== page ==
The CEOs of Twitter, Facebook, and Alphabet/Google testified in a hearing to the US Congress on Friday, March 26. The goal of the five-hour hearing with Jack Dorsey, Mark Zuckerberg, and Sundar Pichai was for Congress to learn what each platform was doing to handle misinformation and extremist politics.
Democratic lawmakers wanted these leaders to acknowledge the role their platforms played in spreading disinformation about topics such as Covid-19 and climate change, as well as helping to organize the violence at the US Capitol on January 6.
In reference to this issue, Rep. Anna Eshoo of California remarked on Twitter, “These companies are not doing enough to protect their users and our democracy. They must be held accountable.”
And as reported by the Washington Post in their extensive coverage of the hearings, Rep. Mike Doyle of Pennsylvania said, “the power of this technology is awesome and terrifying, and each of you has failed to protect your users and the world from the worst consequences of your creations.”
Unfortunately, very little useful information or accountability came from the CEOs at the hearings. As reported by Engadget, during the hearing, all three men largely dodged questions, and Zuckerberg and Pichai refused to accept any responsibility for the attack on Congress on January 6th (Dorsey, to his credit, did agree that Twitter was partly responsible.)
One of the reasons for the hearing is that President Biden and many members of Congress want to put limitations on social media and other big tech companies. Actions could include pursuing antitrust proceedings or revoking Section 230 of the Communications Decency Act, which protects companies by not holding them liable for the content of their users.
As Electronic Frontier Foundation notes, Section 230 is “one of the most valuable tools for protecting freedom of expression and innovation on the Internet”. So while lawmakers look for ways to rein in big tech, this action would have immediate consequences for everyone who uses the Internet.
Nonpartisan advocacy group Fight for the Future opposes the repeal or gutting of Section 230, a position supported by their coalition of more than 70 racial justice, civil liberties, LGBTQ+, and human rights groups. In advance of the Congressional hearing, Evan Greer of FFTF argued that gutting Section 230 would actually help large companies at the expense of smaller ones. She said that a better course of action would be for Congress to take “steps to address the harms of Big Tech, like passing strong Federal data privacy legislation, enforcing antitrust laws, and targeting harmful business practices like microtargeting and nontransparent algorithmic manipulation.”
This is a story that will continue to develop over the next several months, and we’ll keep you posted as new developments warrant.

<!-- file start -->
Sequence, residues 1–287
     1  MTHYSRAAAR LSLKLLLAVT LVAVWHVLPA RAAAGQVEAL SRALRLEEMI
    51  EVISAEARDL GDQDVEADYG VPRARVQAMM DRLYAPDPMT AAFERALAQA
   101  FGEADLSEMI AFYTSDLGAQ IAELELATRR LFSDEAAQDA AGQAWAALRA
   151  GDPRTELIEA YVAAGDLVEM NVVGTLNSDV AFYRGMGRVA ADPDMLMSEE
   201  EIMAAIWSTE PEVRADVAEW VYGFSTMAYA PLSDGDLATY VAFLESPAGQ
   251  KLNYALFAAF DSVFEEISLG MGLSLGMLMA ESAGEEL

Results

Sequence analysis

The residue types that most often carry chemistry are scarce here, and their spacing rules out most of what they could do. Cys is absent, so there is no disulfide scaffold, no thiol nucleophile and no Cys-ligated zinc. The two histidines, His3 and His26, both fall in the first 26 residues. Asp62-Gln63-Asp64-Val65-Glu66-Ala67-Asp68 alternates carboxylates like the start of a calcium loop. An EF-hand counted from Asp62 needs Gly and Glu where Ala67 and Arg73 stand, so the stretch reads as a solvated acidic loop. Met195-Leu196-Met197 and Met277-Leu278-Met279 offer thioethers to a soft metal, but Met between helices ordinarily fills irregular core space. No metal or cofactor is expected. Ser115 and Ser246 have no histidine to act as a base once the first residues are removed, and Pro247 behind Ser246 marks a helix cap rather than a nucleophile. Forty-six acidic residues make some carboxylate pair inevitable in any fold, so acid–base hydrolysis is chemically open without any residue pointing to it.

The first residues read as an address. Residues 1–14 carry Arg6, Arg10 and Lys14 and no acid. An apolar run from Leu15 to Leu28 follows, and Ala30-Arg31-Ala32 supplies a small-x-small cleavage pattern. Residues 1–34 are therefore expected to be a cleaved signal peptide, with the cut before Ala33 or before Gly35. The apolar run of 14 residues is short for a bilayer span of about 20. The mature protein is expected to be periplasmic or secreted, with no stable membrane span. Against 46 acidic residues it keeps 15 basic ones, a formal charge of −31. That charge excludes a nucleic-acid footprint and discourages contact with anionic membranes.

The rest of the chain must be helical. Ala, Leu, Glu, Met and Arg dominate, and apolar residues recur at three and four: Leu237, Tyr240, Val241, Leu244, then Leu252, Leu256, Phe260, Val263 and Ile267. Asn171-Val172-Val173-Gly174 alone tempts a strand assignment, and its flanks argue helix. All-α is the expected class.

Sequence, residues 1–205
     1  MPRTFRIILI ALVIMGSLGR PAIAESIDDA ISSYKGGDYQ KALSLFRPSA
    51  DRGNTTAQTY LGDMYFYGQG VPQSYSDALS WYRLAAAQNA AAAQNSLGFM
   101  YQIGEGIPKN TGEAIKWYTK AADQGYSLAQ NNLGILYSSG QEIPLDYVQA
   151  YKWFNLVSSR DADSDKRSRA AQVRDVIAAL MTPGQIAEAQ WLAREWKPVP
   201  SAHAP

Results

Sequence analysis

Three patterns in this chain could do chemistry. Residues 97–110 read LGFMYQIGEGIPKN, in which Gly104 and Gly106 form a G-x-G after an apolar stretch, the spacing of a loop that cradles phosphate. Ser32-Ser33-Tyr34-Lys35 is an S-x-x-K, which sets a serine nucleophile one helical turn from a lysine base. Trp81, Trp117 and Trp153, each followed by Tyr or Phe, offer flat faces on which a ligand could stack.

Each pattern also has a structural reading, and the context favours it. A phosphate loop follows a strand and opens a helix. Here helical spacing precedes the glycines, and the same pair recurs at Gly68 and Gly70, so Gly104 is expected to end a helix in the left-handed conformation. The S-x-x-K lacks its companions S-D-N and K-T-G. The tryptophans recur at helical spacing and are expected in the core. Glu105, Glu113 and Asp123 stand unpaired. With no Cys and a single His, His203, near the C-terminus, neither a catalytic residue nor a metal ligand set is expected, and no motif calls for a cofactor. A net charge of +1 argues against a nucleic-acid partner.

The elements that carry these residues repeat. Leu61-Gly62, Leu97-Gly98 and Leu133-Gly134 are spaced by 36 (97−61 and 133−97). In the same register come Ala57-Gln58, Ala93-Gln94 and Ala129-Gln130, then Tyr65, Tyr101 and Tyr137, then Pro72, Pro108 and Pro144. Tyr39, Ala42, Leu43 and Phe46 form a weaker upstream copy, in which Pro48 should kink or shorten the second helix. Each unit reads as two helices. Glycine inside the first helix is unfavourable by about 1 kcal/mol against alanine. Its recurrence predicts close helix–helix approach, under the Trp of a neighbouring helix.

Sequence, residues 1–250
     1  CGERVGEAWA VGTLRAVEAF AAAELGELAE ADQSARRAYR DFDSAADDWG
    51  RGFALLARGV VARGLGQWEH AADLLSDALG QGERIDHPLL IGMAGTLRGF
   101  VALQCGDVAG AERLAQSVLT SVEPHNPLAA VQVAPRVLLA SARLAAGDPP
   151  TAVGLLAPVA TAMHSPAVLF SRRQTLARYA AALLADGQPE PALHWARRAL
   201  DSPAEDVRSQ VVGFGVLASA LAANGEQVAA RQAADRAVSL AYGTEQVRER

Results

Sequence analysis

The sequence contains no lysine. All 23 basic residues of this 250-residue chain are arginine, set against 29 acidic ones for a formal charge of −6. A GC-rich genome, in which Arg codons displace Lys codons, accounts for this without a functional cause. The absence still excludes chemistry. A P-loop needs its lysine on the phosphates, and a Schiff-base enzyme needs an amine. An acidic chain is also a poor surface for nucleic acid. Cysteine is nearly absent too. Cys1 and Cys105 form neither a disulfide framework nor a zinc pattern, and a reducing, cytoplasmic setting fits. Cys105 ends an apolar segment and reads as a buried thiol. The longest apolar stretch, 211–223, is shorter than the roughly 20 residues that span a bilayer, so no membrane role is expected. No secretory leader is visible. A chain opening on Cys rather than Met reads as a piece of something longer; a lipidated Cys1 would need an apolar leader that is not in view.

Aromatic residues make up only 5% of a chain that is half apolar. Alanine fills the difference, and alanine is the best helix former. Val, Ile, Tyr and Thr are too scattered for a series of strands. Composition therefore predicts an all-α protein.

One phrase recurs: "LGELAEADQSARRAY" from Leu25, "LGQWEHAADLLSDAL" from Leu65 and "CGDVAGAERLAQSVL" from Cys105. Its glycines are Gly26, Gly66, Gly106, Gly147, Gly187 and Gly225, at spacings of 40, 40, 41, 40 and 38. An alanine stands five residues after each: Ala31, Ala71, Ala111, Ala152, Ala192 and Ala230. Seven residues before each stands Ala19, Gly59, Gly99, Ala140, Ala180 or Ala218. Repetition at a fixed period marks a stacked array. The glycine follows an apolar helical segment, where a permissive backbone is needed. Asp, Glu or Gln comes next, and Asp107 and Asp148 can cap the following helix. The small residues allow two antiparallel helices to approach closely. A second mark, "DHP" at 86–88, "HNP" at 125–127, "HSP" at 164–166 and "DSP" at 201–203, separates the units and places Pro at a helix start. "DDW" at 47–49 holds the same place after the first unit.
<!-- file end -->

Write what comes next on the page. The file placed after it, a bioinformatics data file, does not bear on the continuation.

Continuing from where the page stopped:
In other news
- Who knew working from home came with such risks? US Strategic Command, an agency that oversees the United States nuclear arsenal, tweeted a cryptic message on Sunday. The message read: “;l;;gmlxzssaw”.
According to the Daily Dot, which broke the story, “Twitter users began joking that the agency had inadvertently sent out a nuclear launch code.” Others worried that the agency’s account had been hacked. And members of QAnon even claimed the message had relevance in their convoluted conspiracy theories.
When no explanation was forthcoming, the Daily Dot filed a Freedom of Information Act request with USSTRATCOM to find out the meaning behind the tweet. According to the official response, “Absolutely nothing nefarious occurred, i.e., no hacking of our Twitter account.” The note added, “ was discovered and notice to delete it occurred telephonically.”
And what does all of this mean? As it turns out, the agency’s Twitter manager walked away from his computer and during his absence, his toddler managed to send out a tweet.
- Squarespace shortcircuit. On Tuesday, the site builder app Squarespace briefly lost access to its homepage. Shortly after 12 pm CST, visitors to the homepage saw a splash page with the message “Site Deleted,” along with owner login instructions to fix your expired account. The Squarespace support team posted a message on Twitter stating engineers were looking into “some connectivity issues,” but many across Twitter and Reddit were curious to know if Squarespace simply forgot to pay its own bill. With annual plans that cost up to $480, maybe their card was simply declined? In addition to the strange homepage message, some users reported the inability to upload graphics or save changes to pages.
- The rise of the hybrid workplace. Wondering how those who have access to the best remote working technology feel about returning to the office post-pandemic? Unsurprisingly, there have been some dramatic shifts in workplace expectations. It turns out that 95% of workers feel uncomfortable returning to the office. Many people would prefer a kind of hybrid arrangement that reduces the number of bodies in the office at any one time. According to Cisco’s Global Workforce Survey published this week, the survey of around 1600 company employees from all ranks around the globe indicated 97% of respondents wanted workplaces to be safer and 58% said they expected to work at least 8 days a month at home in 2021. Undeterred by frequent frustrations with video meetings, expressed by 98% of participants, 94% of employees believed their experience of home-working is improved with technology and would like working from home to continue.
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[News] Congress grills Big Tech execs .